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Dr Alice Street, 28.01.21
As it has in other countries worldwide, Covid-19 testing has dominated the pandemic response in Scotland. The purposes to which testing has been put are manifold, from clinical diagnosis of severe cases in the early stages of the pandemic, to efforts at containment through the identification and isolation of symptomatic cases, to a much vaunted but somewhat vague elimination policy which has only now been accompanied by border testing, to the opening up of the economy through the provision of mass routine testing in schools, universities, workplaces and cultural venues. These efforts have also been characterised by a series of high-profile failures. One of the issues is that tests, in the form of testing numbers or the visibility of mass testing programmes, have become a proxy for government competence, with little interrogation of what tests actually do. Tests do not have any utility on their own – they only provide information. It is up to people to do things with that information. But with so much emphasis on the test as a standalone entity, the question of what happens after a test has been wilfully ignored by politicians and the media alike. Whether for PCR or LFT tests, the existence of testing programmes and numbers of tests have been used to claim political credit or pre-empt criticism, with little accountability in terms of what particular use cases have achieved in terms of containing or eliminating the virus.
Dr Alice Street, Dr Shona Lee, Eva Vernooij, and Dr Michelle Taylor, 27.11.20
Alice Street, 8.10.20
Testing capacity has taken centre stage of the international response to the COVID-19 pandemic. As the epidemic curve has peaked and dipped, so have the meanings and value of testing been dramatically expanded beyond medical and public health uses to include such purposes as restarting economies or regaining intimacy with loved ones. Effective testing strategies have also been revealed to hinge on multiple relationships of trust: including trust in technology, in government, in oneself, and in strangers. In this presentation I will reflect on the social life of COVID-19 testing through research undertaken by a team of social scientists based at the University of Edinburgh and funded by the European Research Council and the Scottish Chief Scientists Office. This research shows that, while promises of certainty are often made for diagnostic tests, the social relationships on which testing depends often generate intense uncertainties in the testing process. Understanding those relationships and the values they embody, I argue, will be crucial if testing is to be effectively harnessed to meet the challenges of the COVID-19 pandemic.
Dr Alice Street and Dr Shona Lee, 30.09.20
Live Zoom Webinar
Testing and Trust is a rapid qualitative study investigating public understandings, expectations and experiences of Covid-19 testing in Lothian, Scotland and how testing strategies influence public trust in health services and government response. The study is being led by the DiaDev project team at the University of Edinburgh’s School of Social and Political Science, and is funded by the Chief Scientist Office’s Rapid Research in COVID -19 programme.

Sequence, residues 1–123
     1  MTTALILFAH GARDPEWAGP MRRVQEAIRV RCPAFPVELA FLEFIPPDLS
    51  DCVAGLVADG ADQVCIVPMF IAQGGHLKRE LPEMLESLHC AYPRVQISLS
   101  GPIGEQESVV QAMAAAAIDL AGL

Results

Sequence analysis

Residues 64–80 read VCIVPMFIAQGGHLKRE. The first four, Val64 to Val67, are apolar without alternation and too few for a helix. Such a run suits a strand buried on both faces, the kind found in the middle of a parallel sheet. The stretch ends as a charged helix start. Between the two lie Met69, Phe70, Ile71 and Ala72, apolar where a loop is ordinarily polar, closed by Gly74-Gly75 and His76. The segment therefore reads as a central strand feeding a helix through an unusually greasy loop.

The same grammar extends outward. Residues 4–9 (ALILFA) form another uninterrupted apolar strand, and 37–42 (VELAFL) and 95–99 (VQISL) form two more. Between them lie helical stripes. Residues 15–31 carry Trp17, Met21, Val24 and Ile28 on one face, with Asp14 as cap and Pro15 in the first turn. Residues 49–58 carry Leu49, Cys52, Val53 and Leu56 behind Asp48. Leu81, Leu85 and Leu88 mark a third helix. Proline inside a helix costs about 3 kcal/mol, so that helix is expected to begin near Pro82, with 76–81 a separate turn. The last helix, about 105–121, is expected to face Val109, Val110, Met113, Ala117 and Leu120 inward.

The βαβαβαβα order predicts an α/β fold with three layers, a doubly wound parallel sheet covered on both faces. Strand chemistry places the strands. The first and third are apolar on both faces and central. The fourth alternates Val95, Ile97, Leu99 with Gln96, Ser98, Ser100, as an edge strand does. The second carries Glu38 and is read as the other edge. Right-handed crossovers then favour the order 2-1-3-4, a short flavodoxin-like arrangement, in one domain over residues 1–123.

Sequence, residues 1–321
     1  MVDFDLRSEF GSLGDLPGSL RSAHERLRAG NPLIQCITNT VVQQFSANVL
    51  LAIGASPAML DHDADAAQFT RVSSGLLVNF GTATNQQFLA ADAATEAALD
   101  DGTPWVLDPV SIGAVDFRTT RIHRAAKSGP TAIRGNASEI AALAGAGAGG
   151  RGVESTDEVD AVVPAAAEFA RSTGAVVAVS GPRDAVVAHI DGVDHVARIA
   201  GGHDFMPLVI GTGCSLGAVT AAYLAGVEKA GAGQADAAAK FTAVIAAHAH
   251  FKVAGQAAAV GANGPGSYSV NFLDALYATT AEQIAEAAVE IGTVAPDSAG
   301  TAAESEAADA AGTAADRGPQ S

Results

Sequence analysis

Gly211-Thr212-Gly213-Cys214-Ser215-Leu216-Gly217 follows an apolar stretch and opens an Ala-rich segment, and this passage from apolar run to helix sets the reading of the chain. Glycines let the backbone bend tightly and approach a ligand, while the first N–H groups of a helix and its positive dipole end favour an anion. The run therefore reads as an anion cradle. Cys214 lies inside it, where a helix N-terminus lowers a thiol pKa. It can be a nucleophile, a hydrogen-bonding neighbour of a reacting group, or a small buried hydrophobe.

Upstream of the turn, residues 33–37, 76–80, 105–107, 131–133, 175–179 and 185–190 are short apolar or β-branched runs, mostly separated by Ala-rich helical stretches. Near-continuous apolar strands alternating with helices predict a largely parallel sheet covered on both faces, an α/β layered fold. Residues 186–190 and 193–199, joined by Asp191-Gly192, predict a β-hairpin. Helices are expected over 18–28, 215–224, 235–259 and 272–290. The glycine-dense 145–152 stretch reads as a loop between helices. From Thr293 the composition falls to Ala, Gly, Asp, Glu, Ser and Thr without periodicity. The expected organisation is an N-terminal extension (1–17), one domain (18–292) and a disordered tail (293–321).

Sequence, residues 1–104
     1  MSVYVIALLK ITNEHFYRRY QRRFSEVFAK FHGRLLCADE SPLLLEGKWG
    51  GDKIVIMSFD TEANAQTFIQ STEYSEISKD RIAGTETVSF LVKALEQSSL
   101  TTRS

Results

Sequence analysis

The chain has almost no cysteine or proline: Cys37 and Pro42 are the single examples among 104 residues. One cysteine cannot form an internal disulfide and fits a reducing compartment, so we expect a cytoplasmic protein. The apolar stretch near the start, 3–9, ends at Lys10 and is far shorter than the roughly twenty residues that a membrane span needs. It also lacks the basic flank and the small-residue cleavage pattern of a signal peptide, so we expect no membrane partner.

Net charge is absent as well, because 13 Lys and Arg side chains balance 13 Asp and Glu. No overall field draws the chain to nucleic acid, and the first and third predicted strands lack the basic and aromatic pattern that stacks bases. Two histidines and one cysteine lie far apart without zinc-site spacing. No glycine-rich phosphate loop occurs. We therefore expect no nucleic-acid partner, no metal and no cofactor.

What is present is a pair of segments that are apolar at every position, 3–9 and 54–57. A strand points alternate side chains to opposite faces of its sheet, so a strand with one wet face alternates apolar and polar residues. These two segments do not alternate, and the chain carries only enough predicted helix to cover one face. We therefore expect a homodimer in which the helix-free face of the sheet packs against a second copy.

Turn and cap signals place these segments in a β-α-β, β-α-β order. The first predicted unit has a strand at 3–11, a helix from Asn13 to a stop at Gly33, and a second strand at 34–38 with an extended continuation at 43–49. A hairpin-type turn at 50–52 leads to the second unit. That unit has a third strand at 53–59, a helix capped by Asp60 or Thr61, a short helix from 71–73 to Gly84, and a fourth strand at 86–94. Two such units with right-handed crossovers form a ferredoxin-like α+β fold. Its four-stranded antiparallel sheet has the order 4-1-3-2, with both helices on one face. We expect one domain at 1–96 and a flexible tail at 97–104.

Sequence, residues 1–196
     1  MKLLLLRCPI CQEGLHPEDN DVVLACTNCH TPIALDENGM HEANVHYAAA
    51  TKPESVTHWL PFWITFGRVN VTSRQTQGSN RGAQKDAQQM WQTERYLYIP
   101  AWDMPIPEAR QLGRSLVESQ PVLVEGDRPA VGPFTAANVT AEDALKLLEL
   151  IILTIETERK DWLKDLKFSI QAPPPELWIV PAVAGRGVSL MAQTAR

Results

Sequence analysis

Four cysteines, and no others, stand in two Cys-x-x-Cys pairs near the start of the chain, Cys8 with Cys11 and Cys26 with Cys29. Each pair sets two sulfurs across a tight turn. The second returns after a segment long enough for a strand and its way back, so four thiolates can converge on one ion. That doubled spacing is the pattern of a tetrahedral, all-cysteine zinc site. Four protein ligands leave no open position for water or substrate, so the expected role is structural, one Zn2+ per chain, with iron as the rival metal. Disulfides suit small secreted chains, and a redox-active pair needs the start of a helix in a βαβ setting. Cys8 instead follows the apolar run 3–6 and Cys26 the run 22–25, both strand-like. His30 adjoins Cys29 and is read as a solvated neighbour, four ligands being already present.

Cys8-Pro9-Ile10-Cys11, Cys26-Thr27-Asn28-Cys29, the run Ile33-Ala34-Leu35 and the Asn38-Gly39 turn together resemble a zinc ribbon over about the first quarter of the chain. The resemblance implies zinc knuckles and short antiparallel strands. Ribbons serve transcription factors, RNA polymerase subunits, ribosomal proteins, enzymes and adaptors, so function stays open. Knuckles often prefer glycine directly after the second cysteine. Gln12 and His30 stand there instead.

In this live webinar, we reported our findings from in-depth, socially contextualised research into people’s understandings of different Covid-19 tests, their expectations of how and when they should be tested, their experiences of testing and how test outcomes influence behaviour. The presentation was followed by a Q&A and discussion chaired by the study’s Principle Investigator Dr Alice Street.
Shona Lee, 28.08.20
Presented at the Association of Social Anthropologists (ASA) online annual conference 'How to live through a pandemic'
This paper examines how the international response to the 2014-2016 Ebola outbreak helped to prepare Sierra Leone’s health system for COVID-19. It draws on anthropological research on post-Ebola vaccine trials and laboratory strengthening programmes to explore health-worker experiences of epidemic response and preparedness efforts. These on-the-ground experiences and perspectives are under-recognised in evaluative exercises, but are critical to understanding which features of emergency response carry forward as sustainable infrastructures of preparedness. Analysis will centre on the hopes and expectations that technology-centred preparedness interventions foster for frontline workers in under-resourced health systems, the hidden efforts of building robust preparedness infrastructures, and the contribution of anthropological approaches to understanding preparedness as a social process. In describing the additional labour, informal networks, personal losses and social risks undertaken by laboratory and vaccine trial workers in order for protocols and practicality to meet, we reveal the social performance of preparedness. That is, the contextual engineering that make systems work through personal connections and sacrifice. The paper expands concepts of preparedness to include its personal and relational aspects, exploring the knowledge and value systems produced in epidemics. From this perspective, the Ebola response and aftermath helped prepare Sierra Leone for COVID-19 by developing capacity at individual and institutional levels, and blueprinting physical and social infrastructures for cultivating laboratory, vaccine development and clinical research systems. Yet failing to build the social experiences of response work into preparedness programmes risks erasing important knowledge of how these temporary assemblages are stabilised and sustained. COVID-19 has confirmed that the rhetoric of resilience is insufficient to capture the extent and expectation of sacrifice placed on staff. Responding to this pandemic requires investing in the long-term safety, security, and support of people undertaking the work prescribed by protocols, as well as that of making protocols work.
Alice Street, 12.05.20
Presented by Dr Alice Street at the 'Edinburgh Responds' webinar series focusing on the response of Edinburgh academics and clinicians to the Covid-19 pandemic.